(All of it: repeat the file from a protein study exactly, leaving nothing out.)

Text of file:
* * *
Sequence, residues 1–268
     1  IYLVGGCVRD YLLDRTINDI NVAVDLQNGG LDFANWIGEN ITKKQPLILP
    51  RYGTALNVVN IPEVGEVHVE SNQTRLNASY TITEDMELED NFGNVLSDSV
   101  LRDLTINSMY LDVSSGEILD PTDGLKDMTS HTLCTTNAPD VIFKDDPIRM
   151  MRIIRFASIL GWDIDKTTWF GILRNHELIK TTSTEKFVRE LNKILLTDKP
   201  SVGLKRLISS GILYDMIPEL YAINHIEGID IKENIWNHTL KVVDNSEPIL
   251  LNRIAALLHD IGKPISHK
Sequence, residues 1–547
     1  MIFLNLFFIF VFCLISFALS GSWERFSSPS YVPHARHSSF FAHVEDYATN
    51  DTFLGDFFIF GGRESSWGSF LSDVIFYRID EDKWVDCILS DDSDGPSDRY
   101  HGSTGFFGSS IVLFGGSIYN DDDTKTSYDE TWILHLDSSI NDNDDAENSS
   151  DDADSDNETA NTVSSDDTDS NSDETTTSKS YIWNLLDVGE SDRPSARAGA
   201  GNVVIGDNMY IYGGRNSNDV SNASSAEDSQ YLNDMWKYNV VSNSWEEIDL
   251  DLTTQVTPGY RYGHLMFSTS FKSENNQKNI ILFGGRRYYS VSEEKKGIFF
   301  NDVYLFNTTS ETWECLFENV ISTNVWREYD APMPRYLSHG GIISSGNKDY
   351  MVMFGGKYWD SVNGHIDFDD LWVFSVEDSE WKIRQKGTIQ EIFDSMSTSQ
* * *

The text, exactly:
Sequence, residues 1–268
     1  IYLVGGCVRD YLLDRTINDI NVAVDLQNGG LDFANWIGEN ITKKQPLILP
    51  RYGTALNVVN IPEVGEVHVE SNQTRLNASY TITEDMELED NFGNVLSDSV
   101  LRDLTINSMY LDVSSGEILD PTDGLKDMTS HTLCTTNAPD VIFKDDPIRM
   151  MRIIRFASIL GWDIDKTTWF GILRNHELIK TTSTEKFVRE LNKILLTDKP
   201  SVGLKRLISS GILYDMIPEL YAINHIEGID IKENIWNHTL KVVDNSEPIL
   251  LNRIAALLHD IGKPISHK
Sequence, residues 1–547
     1  MIFLNLFFIF VFCLISFALS GSWERFSSPS YVPHARHSSF FAHVEDYATN
    51  DTFLGDFFIF GGRESSWGSF LSDVIFYRID EDKWVDCILS DDSDGPSDRY
   101  HGSTGFFGSS IVLFGGSIYN DDDTKTSYDE TWILHLDSSI NDNDDAENSS
   151  DDADSDNETA NTVSSDDTDS NSDETTTSKS YIWNLLDVGE SDRPSARAGA
   201  GNVVIGDNMY IYGGRNSNDV SNASSAEDSQ YLNDMWKYNV VSNSWEEIDL
   251  DLTTQVTPGY RYGHLMFSTS FKSENNQKNI ILFGGRRYYS VSEEKKGIFF
   301  NDVYLFNTTS ETWECLFENV ISTNVWREYD APMPRYLSHG GIISSGNKDY
   351  MVMFGGKYWD SVNGHIDFDD LWVFSVEDSE WKIRQKGTIQ EIFDSMSTSQ